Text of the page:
Judges split on stalking conviction

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The Indiana Court of Appeals was divided Friday in reversing a man’s conviction of stalking. The decision hinged on their interpretations of the term “repeated” in Indiana’s anti-stalking laws.

Rodney Nicholson repeatedly called the Wolfe household in 2006, making lewd comments and noises over the phone when Patricia or one of her daughters answered. Nicholson even called the family from right outside their home. He pleaded guilty to voyeurism charges and was incarcerated. The calls stopped while Nicholson was incarcerated, but resumed on Nov. 1, 2008, when he called the home and made lewd comments and noises to Patricia.

He was convicted of Class C felony stalking and Class B misdemeanor harassment stemming from the lewd phone call in 2008 to Patricia. Nicholson challenged his stalking conviction, claiming insufficient evidence.

The state had to prove that Nicholson’s conduct under the stalking statute was “repeated or continuing” harassment. The majority concluded the one phone call in 2008 didn’t constitute repeated harassment and doesn’t support the conviction. Even if taking into consideration the 2006 conduct, the judges also concluded Nicholson couldn’t be convicted under the anti-stalking law.

There is little guidance as to what constitutes “repeated or continuing” for purposes of the stalking or harassment statutes, so the majority relied on the dictionary definition of “repeat” and an Alabama appellate court’s definition of “repeatedly” to hold that the term under the anti-stalking law means “more than once,” wrote Judge Michael Barnes in Rodney Nicholson v. State of Indiana, No. 55A01-1005-CR-251.

The majority noted that the Legislature could have put definitive time limitations in the statute and didn’t, and it believed the timeframe in which the conduct occurred is inherent to the inquiry whether harassment was “repeated or continuing.” Judges Barnes and Terry Crone felt Nicholson’s conduct from the 2008 phone call doesn’t fit any reasonable definition of “repeated or continuing harassment.”

Judge Cale Bradford dissented, writing, “Nicholson repeated essentially the same type of conduct aimed at the same victim. The gap of time between the repeated conduct, occasioned primarily by Nicholson’s incarceration for the first offense against the victim, is a non-factor under the wording of the Indiana stalking statute.”


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  1. We do not have 10% of our population (which would mean about 32 million) incarcerated. It's closer to 2%.

  2. If a class action suit or other manner of retribution is possible, count me in. I have email and voicemail from the man. He colluded with opposing counsel, I am certain. My case was damaged so severely it nearly lost me everything and I am still paying dearly.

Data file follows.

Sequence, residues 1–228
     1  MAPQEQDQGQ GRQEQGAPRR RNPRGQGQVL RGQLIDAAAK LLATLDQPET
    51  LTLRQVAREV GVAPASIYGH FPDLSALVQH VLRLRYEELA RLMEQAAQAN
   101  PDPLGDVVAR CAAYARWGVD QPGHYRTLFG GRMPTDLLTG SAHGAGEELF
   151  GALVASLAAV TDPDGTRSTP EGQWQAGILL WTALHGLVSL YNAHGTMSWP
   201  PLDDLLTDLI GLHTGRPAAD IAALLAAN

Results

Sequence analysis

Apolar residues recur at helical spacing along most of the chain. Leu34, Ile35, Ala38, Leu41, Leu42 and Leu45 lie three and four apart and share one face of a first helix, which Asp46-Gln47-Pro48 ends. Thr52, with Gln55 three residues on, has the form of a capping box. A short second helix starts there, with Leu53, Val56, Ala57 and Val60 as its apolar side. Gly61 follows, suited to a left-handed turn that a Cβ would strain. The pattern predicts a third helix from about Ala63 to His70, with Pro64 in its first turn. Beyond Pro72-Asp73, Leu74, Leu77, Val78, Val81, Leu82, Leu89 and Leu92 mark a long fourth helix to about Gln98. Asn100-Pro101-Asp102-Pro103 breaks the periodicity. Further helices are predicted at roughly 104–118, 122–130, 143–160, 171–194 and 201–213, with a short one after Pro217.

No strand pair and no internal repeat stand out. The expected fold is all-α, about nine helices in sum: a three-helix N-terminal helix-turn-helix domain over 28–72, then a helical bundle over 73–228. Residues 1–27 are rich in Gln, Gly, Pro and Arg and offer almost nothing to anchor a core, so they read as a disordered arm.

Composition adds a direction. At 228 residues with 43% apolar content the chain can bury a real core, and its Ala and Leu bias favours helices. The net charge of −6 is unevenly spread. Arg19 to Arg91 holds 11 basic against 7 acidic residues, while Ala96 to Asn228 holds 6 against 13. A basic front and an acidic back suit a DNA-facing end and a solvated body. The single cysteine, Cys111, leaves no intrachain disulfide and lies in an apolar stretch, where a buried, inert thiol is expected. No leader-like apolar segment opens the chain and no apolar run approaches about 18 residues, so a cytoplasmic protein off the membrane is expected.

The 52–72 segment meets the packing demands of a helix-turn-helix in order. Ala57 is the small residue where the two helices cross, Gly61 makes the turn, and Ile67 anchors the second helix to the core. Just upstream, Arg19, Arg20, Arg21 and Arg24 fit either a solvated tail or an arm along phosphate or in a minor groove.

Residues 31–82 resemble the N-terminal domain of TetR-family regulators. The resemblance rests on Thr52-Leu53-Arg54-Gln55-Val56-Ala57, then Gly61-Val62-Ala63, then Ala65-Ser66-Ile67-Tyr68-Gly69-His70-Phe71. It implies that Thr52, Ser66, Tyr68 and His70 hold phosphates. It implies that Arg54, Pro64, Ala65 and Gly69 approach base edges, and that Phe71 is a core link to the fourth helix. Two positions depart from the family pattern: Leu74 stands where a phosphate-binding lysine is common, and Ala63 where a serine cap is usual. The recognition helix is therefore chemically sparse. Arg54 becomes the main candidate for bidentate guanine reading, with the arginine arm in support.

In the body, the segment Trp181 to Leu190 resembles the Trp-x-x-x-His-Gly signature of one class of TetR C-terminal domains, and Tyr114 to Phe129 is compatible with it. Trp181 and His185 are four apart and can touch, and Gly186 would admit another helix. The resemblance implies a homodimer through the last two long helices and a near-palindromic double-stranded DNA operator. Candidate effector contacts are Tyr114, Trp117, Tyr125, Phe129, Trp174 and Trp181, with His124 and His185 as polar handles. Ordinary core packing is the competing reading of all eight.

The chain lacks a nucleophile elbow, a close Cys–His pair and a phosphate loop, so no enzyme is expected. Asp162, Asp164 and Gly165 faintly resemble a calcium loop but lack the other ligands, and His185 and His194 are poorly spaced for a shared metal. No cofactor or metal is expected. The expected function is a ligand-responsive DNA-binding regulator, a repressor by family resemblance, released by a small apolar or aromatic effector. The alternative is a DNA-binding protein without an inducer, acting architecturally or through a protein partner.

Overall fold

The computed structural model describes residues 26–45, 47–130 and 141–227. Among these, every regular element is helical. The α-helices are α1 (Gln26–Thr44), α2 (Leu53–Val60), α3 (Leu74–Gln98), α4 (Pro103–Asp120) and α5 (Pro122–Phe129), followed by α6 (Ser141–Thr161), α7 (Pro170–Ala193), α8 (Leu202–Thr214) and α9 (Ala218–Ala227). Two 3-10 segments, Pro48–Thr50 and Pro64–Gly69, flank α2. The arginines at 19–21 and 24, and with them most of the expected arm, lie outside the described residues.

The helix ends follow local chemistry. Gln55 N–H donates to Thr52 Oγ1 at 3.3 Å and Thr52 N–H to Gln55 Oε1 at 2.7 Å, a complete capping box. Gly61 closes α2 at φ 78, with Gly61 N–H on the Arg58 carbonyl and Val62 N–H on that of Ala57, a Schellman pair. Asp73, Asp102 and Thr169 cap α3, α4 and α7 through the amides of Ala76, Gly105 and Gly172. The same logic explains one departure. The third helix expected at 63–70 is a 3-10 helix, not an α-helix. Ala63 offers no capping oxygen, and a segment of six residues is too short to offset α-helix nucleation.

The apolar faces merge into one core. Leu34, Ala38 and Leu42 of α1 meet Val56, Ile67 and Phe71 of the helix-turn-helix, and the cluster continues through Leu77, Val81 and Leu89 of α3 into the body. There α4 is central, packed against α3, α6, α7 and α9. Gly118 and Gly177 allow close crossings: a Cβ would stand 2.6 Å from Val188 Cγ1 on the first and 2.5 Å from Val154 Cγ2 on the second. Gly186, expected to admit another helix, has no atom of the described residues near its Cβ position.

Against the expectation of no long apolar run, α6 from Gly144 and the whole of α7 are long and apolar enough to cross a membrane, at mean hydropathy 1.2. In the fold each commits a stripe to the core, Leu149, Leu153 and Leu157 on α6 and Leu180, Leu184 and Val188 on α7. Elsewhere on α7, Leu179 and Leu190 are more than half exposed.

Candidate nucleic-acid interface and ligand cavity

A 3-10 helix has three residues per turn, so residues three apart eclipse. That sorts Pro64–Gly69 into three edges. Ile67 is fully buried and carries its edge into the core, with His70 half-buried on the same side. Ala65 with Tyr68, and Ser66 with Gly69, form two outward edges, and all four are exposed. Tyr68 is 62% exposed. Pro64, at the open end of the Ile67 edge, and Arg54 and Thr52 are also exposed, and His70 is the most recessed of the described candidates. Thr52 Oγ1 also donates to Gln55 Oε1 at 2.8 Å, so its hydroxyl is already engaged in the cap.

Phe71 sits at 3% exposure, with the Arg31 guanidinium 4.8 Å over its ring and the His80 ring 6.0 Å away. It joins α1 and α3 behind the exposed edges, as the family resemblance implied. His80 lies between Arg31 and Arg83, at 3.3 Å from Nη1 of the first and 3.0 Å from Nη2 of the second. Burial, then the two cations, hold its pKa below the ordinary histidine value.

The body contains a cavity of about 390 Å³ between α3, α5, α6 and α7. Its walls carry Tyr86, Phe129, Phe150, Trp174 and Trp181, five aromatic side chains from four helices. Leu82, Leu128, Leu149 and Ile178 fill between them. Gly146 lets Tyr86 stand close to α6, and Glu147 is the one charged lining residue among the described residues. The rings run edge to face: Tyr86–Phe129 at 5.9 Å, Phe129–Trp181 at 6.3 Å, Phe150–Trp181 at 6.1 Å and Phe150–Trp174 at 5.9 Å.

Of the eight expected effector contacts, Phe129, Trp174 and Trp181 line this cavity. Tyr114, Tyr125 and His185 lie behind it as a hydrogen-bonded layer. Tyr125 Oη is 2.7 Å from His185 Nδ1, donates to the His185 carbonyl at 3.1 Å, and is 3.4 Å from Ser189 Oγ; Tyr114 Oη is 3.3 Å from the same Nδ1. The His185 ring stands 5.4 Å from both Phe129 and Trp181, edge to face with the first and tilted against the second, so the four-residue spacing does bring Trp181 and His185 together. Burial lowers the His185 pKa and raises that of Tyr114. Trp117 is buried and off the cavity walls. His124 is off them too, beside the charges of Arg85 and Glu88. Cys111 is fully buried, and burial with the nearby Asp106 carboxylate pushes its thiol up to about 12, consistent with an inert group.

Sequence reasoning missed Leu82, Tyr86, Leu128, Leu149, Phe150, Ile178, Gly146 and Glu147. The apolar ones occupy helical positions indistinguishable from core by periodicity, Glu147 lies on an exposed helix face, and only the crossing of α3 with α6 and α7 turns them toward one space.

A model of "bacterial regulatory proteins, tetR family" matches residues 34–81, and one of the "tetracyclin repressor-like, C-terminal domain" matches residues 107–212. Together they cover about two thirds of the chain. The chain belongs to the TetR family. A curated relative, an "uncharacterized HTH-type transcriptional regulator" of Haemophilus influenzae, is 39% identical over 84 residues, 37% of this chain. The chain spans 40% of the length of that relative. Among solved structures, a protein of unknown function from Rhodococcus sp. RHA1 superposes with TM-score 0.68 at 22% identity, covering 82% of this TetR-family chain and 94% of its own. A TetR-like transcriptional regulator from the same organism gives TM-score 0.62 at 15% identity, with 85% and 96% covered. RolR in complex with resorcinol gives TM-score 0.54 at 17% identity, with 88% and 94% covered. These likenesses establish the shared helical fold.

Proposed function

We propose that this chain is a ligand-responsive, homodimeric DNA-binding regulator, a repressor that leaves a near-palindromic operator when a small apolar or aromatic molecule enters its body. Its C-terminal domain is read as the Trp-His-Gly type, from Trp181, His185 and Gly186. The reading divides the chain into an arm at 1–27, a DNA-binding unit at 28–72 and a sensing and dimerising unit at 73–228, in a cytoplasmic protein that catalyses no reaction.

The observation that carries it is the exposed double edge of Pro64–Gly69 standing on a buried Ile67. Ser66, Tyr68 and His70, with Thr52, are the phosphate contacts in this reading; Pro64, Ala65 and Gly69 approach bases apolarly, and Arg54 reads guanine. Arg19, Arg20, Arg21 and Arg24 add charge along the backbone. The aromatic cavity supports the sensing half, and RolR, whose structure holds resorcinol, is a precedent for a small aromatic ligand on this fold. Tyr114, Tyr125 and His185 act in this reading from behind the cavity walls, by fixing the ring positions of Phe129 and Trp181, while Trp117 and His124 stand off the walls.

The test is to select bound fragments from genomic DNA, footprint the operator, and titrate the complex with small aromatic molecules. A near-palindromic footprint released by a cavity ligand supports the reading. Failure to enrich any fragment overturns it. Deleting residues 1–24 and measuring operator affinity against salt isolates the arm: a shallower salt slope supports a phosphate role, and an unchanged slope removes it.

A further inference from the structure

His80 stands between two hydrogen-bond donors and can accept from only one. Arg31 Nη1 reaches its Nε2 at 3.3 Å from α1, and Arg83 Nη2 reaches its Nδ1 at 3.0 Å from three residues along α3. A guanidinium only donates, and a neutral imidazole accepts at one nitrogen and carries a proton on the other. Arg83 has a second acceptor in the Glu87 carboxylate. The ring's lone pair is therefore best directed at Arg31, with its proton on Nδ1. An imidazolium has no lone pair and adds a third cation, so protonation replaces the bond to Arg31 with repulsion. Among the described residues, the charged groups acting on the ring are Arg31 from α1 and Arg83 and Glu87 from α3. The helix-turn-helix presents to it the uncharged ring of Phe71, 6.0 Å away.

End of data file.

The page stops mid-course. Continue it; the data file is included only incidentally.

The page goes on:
3. There's probably a lot of blame that can be cast around for Indiana Tech's abysmal bar passage rate this last February. The folks who decided that Indiana, a state with roughly 16,000 to 18,000 attorneys, needs a fifth law school need to question the motives that drove their support of this project. Others, who have been "strong supporters" of the law school, should likewise ask themselves why they believe this institution should be supported. Is it because it fills some real need in the state? Or is it, instead, nothing more than a resume builder for those who teach there part-time? And others who make excuses for the students' poor performance, especially those who offer nothing more than conspiracy theories to back up their claims--who are they helping? What evidence do they have to support their posturing? Ultimately, though, like most everything in life, whether one succeeds or fails is entirely within one's own hands. At least one student from Indiana Tech proved this when he/she took and passed the February bar. A second Indiana Tech student proved this when they took the bar in another state and passed. As for the remaining 9 who took the bar and didn't pass (apparently, one of the students successfully appealed his/her original score), it's now up to them (and nobody else) to ensure that they pass on their second attempt. These folks should feel no shame; many currently successful practicing attorneys failed the bar exam on their first try. These same attorneys picked themselves up, dusted themselves off, and got back to the rigorous study needed to ensure they would pass on their second go 'round. This is what the Indiana Tech students who didn't pass the first time need to do. Of course, none of this answers such questions as whether Indiana Tech should be accredited by the ABA, whether the school should keep its doors open, or, most importantly, whether it should have even opened its doors in the first place. Those who promoted the idea of a fifth law school in Indiana need to do a lot of soul-searching regarding their decisions. These same people should never be allowed, again, to have a say about the future of legal education in this state or anywhere else. Indiana already has four law schools. That's probably one more than it really needs. But it's more than enough.

  4. This man Steve Hubbard goes on any online post or forum he can find and tries to push his company. He said court reporters would be obsolete a few years ago, yet here we are. How does he have time to search out every single post about court reporters and even spy in private court reporting forums if his company is so successful???? Dude, get a life. And back to what this post was about, I agree that some national firms cause a huge problem.

  5. rensselaer imdiana is doing same thing to children from the judge to attorney and dfs staff they need to be investigated as well